The Bobcat was the last of the RT125-based Harleys and the only one offered in 1966, its only year in production.[13] Based on the '63-'65 Pacer frame, it had ABS resin bodywork moulded in one piece that covered the tank and the rear tire and supported the seat.[14] It was the only RT125-based Harley with a standard dual seat.[15]

See also[edit]


  1. ^ a b c Harley Hummer . Com
  2. ^ a b Harley Hummer Club - History
  3. ^ Wilson, H. "The Encyclopedia of the Motorcycle" p. 37 Dorling-Kindersley Limited, 1995 ISBN 0-7513-0206-6
  4. ^ Wilson, H. "The Encyclopedia of the Motorcycle" p. 305 Dorling-Kindersley Limited, 1995 ISBN 0-7513-0206-6
  5. ^ a b c d e f g h i Rafferty, Tod (Dec 1, 2001). "FL 1947 and 125 Model S 1948". Illustrated Directory of Harley-Davidson Motorcycles. MotorBooks International. pp. 130–133. ISBN 0-7603-1126-9. "The S model turned out to be a good (and inexpensive) investment in Harley-Davidson's future. It enticed a good number of young folks into the exhilarating sport of motorcycling."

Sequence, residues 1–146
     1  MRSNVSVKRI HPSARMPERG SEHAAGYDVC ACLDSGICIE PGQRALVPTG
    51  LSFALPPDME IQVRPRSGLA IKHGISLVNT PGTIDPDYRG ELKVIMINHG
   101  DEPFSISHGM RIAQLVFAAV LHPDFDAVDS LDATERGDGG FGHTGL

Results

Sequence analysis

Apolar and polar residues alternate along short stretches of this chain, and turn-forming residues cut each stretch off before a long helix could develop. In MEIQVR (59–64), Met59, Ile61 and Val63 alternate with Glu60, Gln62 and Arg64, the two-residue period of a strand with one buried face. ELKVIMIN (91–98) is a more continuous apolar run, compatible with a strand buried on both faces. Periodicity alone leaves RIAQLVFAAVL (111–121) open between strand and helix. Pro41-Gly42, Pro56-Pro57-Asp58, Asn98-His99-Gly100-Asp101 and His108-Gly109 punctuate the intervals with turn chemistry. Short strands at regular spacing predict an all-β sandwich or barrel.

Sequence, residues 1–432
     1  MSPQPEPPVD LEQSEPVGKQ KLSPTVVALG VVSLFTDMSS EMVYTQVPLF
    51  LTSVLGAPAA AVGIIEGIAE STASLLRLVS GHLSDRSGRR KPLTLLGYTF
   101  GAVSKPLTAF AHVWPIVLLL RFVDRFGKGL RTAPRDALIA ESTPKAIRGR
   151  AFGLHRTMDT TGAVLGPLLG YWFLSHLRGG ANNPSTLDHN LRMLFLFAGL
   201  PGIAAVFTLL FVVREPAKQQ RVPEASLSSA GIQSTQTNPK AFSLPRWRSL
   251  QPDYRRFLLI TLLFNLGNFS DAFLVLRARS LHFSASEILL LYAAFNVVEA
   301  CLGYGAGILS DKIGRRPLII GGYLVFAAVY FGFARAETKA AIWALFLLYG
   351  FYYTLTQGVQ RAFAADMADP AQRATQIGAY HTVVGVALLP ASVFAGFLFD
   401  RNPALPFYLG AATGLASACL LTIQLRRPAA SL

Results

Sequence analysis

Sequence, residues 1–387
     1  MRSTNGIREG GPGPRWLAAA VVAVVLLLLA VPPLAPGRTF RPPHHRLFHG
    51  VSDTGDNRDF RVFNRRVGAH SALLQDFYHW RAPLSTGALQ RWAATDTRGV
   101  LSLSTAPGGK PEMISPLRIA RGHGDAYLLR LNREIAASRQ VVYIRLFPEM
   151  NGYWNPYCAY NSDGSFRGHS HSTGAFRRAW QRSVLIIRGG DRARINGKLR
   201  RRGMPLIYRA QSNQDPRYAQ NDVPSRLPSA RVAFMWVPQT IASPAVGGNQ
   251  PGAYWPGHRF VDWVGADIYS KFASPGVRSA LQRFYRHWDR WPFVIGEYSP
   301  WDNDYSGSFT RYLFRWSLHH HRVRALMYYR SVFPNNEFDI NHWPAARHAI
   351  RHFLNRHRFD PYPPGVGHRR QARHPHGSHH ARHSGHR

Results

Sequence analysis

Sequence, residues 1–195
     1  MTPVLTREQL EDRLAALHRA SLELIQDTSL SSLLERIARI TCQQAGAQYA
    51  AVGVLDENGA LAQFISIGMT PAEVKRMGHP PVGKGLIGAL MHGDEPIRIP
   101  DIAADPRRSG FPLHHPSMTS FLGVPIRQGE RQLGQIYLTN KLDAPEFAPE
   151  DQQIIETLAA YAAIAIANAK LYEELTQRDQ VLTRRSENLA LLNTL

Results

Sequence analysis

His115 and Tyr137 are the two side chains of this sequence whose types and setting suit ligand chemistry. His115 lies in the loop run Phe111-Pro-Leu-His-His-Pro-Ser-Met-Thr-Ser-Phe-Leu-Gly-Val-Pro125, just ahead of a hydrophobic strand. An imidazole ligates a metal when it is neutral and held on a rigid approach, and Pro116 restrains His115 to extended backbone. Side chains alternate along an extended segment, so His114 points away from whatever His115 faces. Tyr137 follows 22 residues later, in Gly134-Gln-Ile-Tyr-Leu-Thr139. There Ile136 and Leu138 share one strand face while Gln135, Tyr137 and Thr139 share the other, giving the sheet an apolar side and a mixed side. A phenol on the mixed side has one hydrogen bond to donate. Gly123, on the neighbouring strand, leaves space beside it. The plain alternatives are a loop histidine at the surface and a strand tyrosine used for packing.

6. ^ a b c d e f g Mitchel, D. "Motorcycle Classics" p. 62 Publications International Limited, 1997 ISBN 0-7853-0889-X
  7. ^ a b Harley-Davidson, Inc., "The Legend Begins", 1993
  8. ^ a b Mitchel, D. "Harley-Davidson Chronicle - An American Original" p. 142 Publications International Limited, 1997 ISBN 0-7853-2514-X
  9. ^ a b Harley Hummer Club - Restoration Chapter 86
  10. ^ Tiddlerosis Hummer Chart
  11. ^ New location of Tiddlerosis Hummer Chart
  12. ^ a b Harley Hummer Club 1963 Pacer illustration
  13. ^ Field, Greg (2002-09-01). "Hummers, Scats, and Toppers The Milwaukee Two-Strokes". In Darwin Holmstrom. The Harley-Davidson Century. St. Paul, MN USA: MotorBooks International. pp. 112–113. ISBN 0-7603-1155-2. Retrieved 2012-12-26. "For 1966, the new Bobcat replaced the Pacer and the Scat." 
  14. ^ Wilson, H. "The Encyclopedia of the Motorcycle" p. 74 Dorling-Kindersley Limited, 1995 ISBN 0-7513-0206-6
  15. ^ Harley Hummer Club - Chapter 9: Seats